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Tuesday, 9 August 2016

One trust went to sow, went to sow a meadow and ten years on ...

Conservation and environmental charity Yorkshire Dales Millennium Trust is celebrating ten years since it launched an ambitious scheme to save the declining species-rich hay meadows in the area. And 600 hectares later, the trust team is still making meadows.
A big thumbs up ... Tanya St Pierre and Chris Myers celebrate
ten years of restoring vital meadows, near Askrigg..
 Over the past fifty years, 97 per cent of meadows in the UK have been lost through agricultural intensification, making them one of our most threatened habitats. Only a thousand hectares (less than four square miles) survived, putting hundreds of species of wildflowers and plants, bees, birds and other native wildlife species at risk.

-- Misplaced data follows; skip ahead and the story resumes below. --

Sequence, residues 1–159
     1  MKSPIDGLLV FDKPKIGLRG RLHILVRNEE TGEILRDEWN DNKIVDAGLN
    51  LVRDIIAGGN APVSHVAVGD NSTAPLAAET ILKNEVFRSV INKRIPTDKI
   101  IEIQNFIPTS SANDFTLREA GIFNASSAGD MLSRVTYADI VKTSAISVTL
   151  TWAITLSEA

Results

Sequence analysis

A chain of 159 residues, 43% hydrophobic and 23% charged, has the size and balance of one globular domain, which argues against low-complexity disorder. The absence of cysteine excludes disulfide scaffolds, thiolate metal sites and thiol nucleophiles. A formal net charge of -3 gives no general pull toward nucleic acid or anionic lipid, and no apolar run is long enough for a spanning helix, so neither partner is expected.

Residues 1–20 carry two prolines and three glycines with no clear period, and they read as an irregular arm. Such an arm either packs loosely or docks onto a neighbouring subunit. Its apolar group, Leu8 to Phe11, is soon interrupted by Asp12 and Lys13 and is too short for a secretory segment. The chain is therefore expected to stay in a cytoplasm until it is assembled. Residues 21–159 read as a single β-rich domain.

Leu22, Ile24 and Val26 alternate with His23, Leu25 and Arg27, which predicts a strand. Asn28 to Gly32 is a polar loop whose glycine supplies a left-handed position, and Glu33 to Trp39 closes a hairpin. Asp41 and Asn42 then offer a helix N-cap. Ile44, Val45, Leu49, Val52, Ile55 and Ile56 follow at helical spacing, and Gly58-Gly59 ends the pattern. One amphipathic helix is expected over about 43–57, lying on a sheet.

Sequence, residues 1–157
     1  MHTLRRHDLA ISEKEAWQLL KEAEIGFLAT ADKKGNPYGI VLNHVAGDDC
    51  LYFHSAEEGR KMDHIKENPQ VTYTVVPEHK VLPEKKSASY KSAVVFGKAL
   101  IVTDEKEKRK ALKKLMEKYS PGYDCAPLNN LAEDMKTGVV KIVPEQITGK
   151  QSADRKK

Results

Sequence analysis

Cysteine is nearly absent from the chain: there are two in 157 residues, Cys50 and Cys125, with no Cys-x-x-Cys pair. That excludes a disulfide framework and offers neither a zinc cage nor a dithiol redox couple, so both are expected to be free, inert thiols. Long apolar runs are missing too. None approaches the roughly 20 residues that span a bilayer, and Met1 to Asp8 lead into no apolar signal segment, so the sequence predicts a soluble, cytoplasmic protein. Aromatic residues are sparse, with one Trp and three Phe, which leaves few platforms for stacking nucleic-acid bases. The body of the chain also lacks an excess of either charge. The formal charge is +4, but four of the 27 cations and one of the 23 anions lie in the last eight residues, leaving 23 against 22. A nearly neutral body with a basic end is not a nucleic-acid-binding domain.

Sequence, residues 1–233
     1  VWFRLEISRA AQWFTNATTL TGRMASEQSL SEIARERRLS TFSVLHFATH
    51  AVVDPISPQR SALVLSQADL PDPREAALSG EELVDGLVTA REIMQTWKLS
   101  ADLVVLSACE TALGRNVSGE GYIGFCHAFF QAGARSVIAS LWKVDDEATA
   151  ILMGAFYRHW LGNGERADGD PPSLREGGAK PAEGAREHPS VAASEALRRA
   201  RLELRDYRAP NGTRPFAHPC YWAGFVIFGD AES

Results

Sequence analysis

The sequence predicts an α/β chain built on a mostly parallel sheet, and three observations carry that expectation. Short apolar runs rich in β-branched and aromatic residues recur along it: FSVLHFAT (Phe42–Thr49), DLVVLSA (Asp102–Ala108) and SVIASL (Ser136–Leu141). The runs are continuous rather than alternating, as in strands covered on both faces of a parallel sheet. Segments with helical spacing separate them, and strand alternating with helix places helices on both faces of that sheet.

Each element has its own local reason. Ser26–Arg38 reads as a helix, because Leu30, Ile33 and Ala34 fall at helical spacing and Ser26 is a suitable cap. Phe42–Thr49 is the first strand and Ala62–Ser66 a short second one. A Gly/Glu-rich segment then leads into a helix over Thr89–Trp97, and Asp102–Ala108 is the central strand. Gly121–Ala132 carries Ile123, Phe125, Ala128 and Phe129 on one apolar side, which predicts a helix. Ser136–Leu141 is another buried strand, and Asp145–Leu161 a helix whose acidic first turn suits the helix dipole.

The Hay Time project was set up ten years ago to change that with the trust working alongside farmers and partners Natural England, the Yorkshire Dales National Park Authority and Forest of Bowland Area of Outstanding Natural Beauty to restore more than two square miles of degraded meadows. Trust officials say the work has brought precious habitat back from the brink.

When original funding for the project ended three years ago, the trust launched its Hay Time Appeal, raising £186,500 to help continue this vital work.

Project ambassador Chris Myers said the trust's work to bring back wildflower meadows had struck a chord with people because,they were vital habitats for native wildlife and a beautiful and iconic part of the landscape, and a living piece of cultural history.

The project is helping more people experience the beauty of species-rich meadows, and helping them to understand the vital role they play as a habitat for pollinators and rare species through its educational work.

The trust is inviting people to support hay meadow restoration by dedicating a piece of living wildflower meadow in the dales for £25. Further information:

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